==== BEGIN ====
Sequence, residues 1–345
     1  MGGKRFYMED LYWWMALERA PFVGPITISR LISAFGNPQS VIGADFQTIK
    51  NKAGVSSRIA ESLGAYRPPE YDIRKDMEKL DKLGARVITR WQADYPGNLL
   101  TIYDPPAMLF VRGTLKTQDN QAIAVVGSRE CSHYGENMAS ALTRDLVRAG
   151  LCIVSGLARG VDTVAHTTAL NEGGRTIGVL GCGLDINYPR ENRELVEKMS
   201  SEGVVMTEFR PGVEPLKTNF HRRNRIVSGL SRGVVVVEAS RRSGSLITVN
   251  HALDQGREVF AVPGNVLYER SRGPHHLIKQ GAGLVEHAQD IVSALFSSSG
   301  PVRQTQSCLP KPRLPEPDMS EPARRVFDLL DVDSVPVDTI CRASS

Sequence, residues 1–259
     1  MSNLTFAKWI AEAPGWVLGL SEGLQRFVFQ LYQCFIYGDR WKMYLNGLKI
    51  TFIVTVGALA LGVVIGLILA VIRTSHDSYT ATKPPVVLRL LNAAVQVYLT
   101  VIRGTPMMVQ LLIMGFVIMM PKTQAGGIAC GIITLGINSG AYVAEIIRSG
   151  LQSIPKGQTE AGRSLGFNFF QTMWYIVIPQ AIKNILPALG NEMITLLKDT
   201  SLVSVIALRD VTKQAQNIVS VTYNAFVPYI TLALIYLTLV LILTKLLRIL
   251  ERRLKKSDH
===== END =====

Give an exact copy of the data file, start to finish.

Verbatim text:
Sequence, residues 1–345
     1  MGGKRFYMED LYWWMALERA PFVGPITISR LISAFGNPQS VIGADFQTIK
    51  NKAGVSSRIA ESLGAYRPPE YDIRKDMEKL DKLGARVITR WQADYPGNLL
   101  TIYDPPAMLF VRGTLKTQDN QAIAVVGSRE CSHYGENMAS ALTRDLVRAG
   151  LCIVSGLARG VDTVAHTTAL NEGGRTIGVL GCGLDINYPR ENRELVEKMS
   201  SEGVVMTEFR PGVEPLKTNF HRRNRIVSGL SRGVVVVEAS RRSGSLITVN
   251  HALDQGREVF AVPGNVLYER SRGPHHLIKQ GAGLVEHAQD IVSALFSSSG
   301  PVRQTQSCLP KPRLPEPDMS EPARRVFDLL DVDSVPVDTI CRASS

Sequence, residues 1–259
     1  MSNLTFAKWI AEAPGWVLGL SEGLQRFVFQ LYQCFIYGDR WKMYLNGLKI
    51  TFIVTVGALA LGVVIGLILA VIRTSHDSYT ATKPPVVLRL LNAAVQVYLT
   101  VIRGTPMMVQ LLIMGFVIMM PKTQAGGIAC GIITLGINSG AYVAEIIRSG
   151  LQSIPKGQTE AGRSLGFNFF QTMWYIVIPQ AIKNILPALG NEMITLLKDT
   201  SLVSVIALRD VTKQAQNIVS VTYNAFVPYI TLALIYLTLV LILTKLLRIL
   251  ERRLKKSDH